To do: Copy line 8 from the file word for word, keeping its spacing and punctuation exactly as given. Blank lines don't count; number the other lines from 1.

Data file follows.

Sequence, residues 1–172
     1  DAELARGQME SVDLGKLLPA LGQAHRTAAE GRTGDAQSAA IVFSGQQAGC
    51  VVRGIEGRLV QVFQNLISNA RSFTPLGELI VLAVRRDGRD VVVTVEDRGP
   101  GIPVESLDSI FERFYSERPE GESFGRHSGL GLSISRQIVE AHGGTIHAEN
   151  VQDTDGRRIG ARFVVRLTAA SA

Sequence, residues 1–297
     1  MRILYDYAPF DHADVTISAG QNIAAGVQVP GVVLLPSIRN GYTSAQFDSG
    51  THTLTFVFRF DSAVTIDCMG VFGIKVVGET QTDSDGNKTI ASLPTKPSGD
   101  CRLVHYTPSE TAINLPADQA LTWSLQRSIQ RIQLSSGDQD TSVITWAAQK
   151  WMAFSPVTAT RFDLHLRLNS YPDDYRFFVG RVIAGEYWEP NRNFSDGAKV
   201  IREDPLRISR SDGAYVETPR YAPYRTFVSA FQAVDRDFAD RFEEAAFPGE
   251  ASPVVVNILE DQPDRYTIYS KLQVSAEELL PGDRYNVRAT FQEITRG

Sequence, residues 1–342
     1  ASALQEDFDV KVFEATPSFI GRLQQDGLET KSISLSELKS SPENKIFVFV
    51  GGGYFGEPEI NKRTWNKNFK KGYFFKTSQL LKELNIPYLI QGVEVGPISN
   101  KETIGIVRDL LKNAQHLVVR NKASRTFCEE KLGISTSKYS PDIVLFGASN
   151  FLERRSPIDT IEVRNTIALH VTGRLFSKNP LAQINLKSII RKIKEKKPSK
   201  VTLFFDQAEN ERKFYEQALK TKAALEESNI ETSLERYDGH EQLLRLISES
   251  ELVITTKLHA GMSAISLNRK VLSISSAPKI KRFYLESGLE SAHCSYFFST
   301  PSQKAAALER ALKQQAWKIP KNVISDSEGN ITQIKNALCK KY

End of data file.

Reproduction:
    51  THTLTFVFRF DSAVTIDCMG VFGIKVVGET QTDSDGNKTI ASLPTKPSGD